All events start at 13.30. The length of each event will vary.
All events are FREE and drop-in unless otherwise stated.
Download the calendar here.
View video footage from the Events Programme so far on YouTube
BALTIC CREW SPOTLIGHT TOUR
11, 16, 18, 19, 23 NOVEMBER 2012
2, 9, 16 DECEMBER 2012
These bitesize, introductory tours are suitable for everyone. Ask at the Information Desk for further information on where to meet, or listen out for the announcements. Approximate duration: 20 minutes. No booking required.
APOCALYPTIC CHOIR PRACTICE
14, 21, 28 NOVEMBER
5, 19 DECEMBER 2012
Calling all choirs and choral singers. Please contact Rachel Magdeburg firstname.lastname@example.org if you want to come along and get involved and check what is on. A special choir event also takes place on Friday 12 October 2012.
15, 20, 22, 27, 29 NOVEMBER 2012
4, 6, 11, 13, 18, 20 DECEMBER 2012
Step up on The Encampment of Eternal Hope Soap Box and help shape a better world. We welcome diggers, dreamers, survivalists, optimists, pessimists, slackers, thinkers, doers, creatives, philosophisers, alternative life stylers, environmentalists, freeganers.....
Share responses for future survival or the issues facing our planet. Voice your opinions, demonstrate a survival skill, create an event, speak, sing, perform or meditate.
How can we live in a better way with our environment and our fellow beings? What are your survival strategies for a new dawn? Are there simple survival skills that you could demonstrate from the Soap Box? What do you think is important for future living? Are you already living an alternative life style that you could share? What do you think will happen on and beyond the end date of the Mayan Calendar? Will it be a cataclysmic disaster or a change in human consciousness? Join the Soap Box and form part of a unique dialogue in The Encampment of Eternal Hope.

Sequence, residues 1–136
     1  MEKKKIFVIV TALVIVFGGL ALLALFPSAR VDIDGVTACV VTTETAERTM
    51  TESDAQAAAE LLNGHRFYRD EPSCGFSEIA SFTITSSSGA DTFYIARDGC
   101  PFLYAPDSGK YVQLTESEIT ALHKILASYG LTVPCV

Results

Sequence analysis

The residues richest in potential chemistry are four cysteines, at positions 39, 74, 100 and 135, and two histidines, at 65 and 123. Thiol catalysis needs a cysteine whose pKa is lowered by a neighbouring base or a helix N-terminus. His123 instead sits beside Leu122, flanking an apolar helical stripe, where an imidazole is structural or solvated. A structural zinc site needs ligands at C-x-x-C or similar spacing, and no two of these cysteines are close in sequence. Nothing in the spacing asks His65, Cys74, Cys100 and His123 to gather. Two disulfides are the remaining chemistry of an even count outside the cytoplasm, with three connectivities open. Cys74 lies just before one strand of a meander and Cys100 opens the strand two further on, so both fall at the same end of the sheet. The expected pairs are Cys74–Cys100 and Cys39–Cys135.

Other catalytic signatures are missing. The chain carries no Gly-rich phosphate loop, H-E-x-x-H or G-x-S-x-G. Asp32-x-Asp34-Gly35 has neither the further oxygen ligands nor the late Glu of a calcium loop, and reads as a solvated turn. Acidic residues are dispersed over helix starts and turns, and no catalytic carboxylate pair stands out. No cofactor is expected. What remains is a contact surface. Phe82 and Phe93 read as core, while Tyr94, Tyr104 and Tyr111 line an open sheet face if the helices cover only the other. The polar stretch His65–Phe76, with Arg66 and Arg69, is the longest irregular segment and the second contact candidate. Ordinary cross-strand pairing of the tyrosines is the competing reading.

Please contact Rachel Magdeburg email@example.com if you want to take part or find out who is speaking. Soap Box sessions will only go ahead when speakers come forth so please get in touch to find out more.
SURVIVAL EXERCISE CLASS
26, 30 NOVEMBER
3, 7, 10, 14, 17 DECEMBER 2012
Join BALTIC Crew in a demonstration of simple breathing, movement and physical awareness to focus your mind and help your body survive. Movements will be based on the actions of envisaged future survival, gardening, pickling and foraging, along with subverted military actions and the movements of pollinating insects. Created and inspired by dancer and choreographer Kate Taylor.
Professional wild forager Miroslav Bernard will lead a two-hour trail through Chopwell Woods foraging for berries, nuts, medical herbs and other tasty nibbles before the winter finally takes hold. Learn about identifying species, preservation and the benefits of a seasonal foraged harvest. Miroslav will also share his knowledge on pickling, drying, jam and wine making techniques and warn against the lethal toxicity of some foods. A free sample of wild food will be included. Please wear old clothes, sturdy footwear and waterproofs.
Tickets £7.50 per person, booking required, limited space, 20 people. Book online at wewgottickets.com or in person at BALTIC SHOP. Please meet at BALTIC Centre for Contemporary Art, Level 2 at 12.30 for a chance to see The Encampment of Eternal Hope exhibition and then travel via mini-bus to Chopwell Woods (ticket includes transport to and from BALTIC).
MONDAY 12 NOVEMBER 2012 / 13.30 (approx 30mins)
MAYAN PRIESTESS TALK
Giovanna Miralles, Mayan Priestess, will give a talk ‘The Sacred Mayan Calendar, the Environment and Us’ and prepare for tomorrows Mayan Ceremony in her role as Aj'qijab’ ‘the one who works the fire.’
TUESDAY 13 NOVEMBER 2012 / 13.30 (approx 40mins)
Giovanna Miralles, Mayan Priestess will perform a Mayan Ceremony in her role as Aj'qijab’. Ceremonies are performed in accordance with the sacred Mayan calendar Cho’lqij or T’zolkin, a count of 260 days. If possible, people attending the Mayan ceremony should wear white witha red sash.